With consultations on environmental governance and the Human Rights Bill, as well as our first climate litigation case, life has been busy at ERCS. What are the key takeaways?
The right to a healthy environment is now within reach
After what feels like an eternity of dither and delay, June marked the arrival (finally) of the Scottish Government’s consultation on the new Human Rights Bill, and with it, a commitment to enshrine the right to a healthy environment in law for the first time.
Overall, the proposals for the right to a healthy environment are promising, with both substantive and procedural elements recognised along with acknowledging Scotland’s ongoing breach of the Aarhus Convention’s access to justice requirements.
We worked closely with Human Rights Consortium Scotland, Scottish Environment LINK, and our supporters to maximise responses to the consultation, and demand that the new rights ‘have teeth’ so that people in Scotland can effectively hold public bodies and polluters to account. We delivered multiple workshops and produced a range of new resources, including our Report on the substantive features of the right to a healthy environment, template consultation response, and explainer animation to help organisations and individuals get to grips with what’s at stake.
The next stage is to scrutinise the revised proposals before legislation is passed in Parliament, and ERCS will continue to advocate for fully comprehensive, enforceable rights.
The Scottish Government appears determined to fail on access to justice
The consultation on the Scottish Government’s review of environmental governance also opened in June, shedding some light on their thinking on the matter. Spoiler alert: it’s not good news.
Their review and report on ‘the effectiveness of environmental governance arrangements’ was deeply disappointing: superficial in its analysis, narrow in scope, and pre-determined in its conclusions. Despite the loss of EU environmental laws and institutions post-Brexit, the report was essentially an argument for the status quo, and rejected the proposal for a dedicated environmental court out of hand.
ERCS believes that the Scottish Government’s review was unlawful in failing to meet its statutory duty under the Continuity Act to consider ‘whether the establishment of an environment court could enhance [environmental] governance arrangements.’ This view is backed by senior Counsel, but the prohibitive cost of legal expenses means that we are unable to bring forward a judicial review. Instead, we dedicated our energy to preparing a robust, evidenced based template consultation response, submitting evidence to the Net Zero, Energy and Transport Committee, and raising the issue directly with the Minister for Transport, Net Zero and Just Transition.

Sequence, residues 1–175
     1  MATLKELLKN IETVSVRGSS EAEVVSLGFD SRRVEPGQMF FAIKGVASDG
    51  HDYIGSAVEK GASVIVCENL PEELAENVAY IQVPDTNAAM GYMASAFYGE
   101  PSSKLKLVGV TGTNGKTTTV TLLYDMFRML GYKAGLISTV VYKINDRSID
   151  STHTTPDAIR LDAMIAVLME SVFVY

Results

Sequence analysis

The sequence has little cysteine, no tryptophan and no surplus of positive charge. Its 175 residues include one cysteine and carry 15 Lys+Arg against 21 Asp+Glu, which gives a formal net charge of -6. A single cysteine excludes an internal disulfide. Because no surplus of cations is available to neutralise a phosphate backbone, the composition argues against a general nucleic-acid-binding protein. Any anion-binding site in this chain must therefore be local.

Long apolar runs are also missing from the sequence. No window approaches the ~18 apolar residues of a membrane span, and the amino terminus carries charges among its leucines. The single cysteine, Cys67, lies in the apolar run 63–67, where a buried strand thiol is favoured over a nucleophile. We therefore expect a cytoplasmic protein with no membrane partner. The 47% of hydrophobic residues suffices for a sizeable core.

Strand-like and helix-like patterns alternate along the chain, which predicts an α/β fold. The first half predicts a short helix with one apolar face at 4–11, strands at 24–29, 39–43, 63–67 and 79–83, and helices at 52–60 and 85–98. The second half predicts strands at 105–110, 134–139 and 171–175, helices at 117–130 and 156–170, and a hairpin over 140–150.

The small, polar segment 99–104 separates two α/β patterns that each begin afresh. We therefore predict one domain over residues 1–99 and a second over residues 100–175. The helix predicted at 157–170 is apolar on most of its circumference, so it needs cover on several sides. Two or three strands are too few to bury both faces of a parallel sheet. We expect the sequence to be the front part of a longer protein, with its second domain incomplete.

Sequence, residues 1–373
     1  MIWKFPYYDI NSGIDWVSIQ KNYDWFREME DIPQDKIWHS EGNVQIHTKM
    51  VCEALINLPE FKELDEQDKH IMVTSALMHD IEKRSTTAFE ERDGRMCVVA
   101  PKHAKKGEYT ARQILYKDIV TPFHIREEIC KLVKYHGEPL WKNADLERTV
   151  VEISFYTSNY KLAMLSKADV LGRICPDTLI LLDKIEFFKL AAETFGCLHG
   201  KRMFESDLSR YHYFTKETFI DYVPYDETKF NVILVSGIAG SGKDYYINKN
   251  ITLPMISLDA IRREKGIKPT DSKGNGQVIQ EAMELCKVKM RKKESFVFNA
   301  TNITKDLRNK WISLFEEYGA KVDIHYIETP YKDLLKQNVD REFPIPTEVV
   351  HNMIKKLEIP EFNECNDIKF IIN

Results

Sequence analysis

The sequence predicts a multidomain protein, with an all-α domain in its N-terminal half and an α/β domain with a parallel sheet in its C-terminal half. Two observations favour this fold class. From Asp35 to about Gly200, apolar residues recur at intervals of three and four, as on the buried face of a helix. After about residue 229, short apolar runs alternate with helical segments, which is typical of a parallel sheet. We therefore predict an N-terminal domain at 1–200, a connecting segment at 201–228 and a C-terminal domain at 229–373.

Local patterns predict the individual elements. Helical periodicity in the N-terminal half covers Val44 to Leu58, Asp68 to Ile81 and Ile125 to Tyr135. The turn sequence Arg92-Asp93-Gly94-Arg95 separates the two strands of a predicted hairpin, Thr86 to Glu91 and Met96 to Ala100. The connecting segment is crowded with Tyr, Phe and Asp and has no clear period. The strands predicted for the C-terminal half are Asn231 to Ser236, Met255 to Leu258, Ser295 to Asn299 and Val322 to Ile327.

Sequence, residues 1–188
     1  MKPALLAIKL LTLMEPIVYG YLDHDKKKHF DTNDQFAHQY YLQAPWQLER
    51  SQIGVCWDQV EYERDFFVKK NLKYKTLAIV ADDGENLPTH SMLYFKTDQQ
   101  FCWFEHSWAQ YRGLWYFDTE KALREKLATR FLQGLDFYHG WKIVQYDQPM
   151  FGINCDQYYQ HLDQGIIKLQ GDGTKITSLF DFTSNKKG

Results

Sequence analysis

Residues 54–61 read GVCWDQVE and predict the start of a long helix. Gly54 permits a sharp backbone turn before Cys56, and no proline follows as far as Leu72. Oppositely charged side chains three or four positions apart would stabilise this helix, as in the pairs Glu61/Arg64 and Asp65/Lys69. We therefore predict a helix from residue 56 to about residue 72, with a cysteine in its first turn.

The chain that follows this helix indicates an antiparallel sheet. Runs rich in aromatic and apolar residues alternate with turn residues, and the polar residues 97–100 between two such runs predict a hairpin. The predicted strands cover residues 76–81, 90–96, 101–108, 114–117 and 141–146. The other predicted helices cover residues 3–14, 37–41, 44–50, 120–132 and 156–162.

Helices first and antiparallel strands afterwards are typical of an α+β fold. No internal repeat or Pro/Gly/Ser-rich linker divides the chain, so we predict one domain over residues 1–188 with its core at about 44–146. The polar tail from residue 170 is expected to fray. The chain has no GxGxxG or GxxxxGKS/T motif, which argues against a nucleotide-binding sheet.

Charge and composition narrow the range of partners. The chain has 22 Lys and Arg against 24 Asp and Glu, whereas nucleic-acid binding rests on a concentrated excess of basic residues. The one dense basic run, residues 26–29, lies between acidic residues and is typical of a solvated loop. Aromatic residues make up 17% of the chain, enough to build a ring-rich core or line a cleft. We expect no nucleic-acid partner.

More disappointment came in the form of a progress report on actions to achieve compliance with the access to justice requirements of the Aarhus Convention. The Government seems all set to miss the October 2024 deadline for getting its house in order, with no transparency on the review of Protective Expenses Orders, and no date to to reform legal aid so that taking court action for the environment is affordable.
While all this may seem disheartening, there is cause for hope. Over the past few months, Labour, Tory and Green MSPs have all raised parliamentary questions on our behalf. We know there is unity across Scotland’s environmental sector, and widespread support for access to justice reforms from politicians of all parties, legal and environmental experts, and from Environmental Standards Scotland. Our task now is to harness this energy and ramp up the pressure, until our voices become impossible to ignore.
The law remains a powerful tool to hold government to account
When asking nicely fails, the credible threat of legal action can succeed in bringing policy change. In August, we brought forward a joint legal challenge with Good Law Project over the failure of the Scottish Government to assess the climate impact of its Infrastructure Investment Plan.
ERCS originally raised the issue with Scottish Ministers in February 2023, only for the government to dismiss our case. Yet when faced with the threat of judicial review and a media storm (over 20 stories in publications including the Scotsman, the Herald, i news, and the National), Ministers were forced to recognise that they were indeed at fault and have promised to remedy the situation.
We now await further details of how they plan to rectify the breach in a timely manner and will not hesitate to proceed with judicial review if they fail to stick to their word. Stay tuned.
Our movement is growing, and collective action gets results
September marked our first ever environmental rights summit, with over 130 people assembling in Edinburgh for workshops, skill shares, and discussions on everything from understanding the planning system, to freedom of information, and the Rights of Nature, as well as vital contributions from our ‘Voices for Justice’ panel, and a keynote address from UN Special Rapporteur on Human Rights and the Environment Prof. David Boyd. You can find out more in our Summit Review.
We are also on the brink of handing in our petition for an enforceable right to a healthy environment and a dedicated environmental court, with over 1800 individual signatories and 65 organisations including NGOs, charities, thinktanks, and trade unions. This marks the end of our first chapter campaigning on these issues, while opening the door to even bolder action in 2024. The momentum for change is now unstoppable, and we are excited for what the future brings.
Benji Brown, Policy & Advocacy Officer, October 2023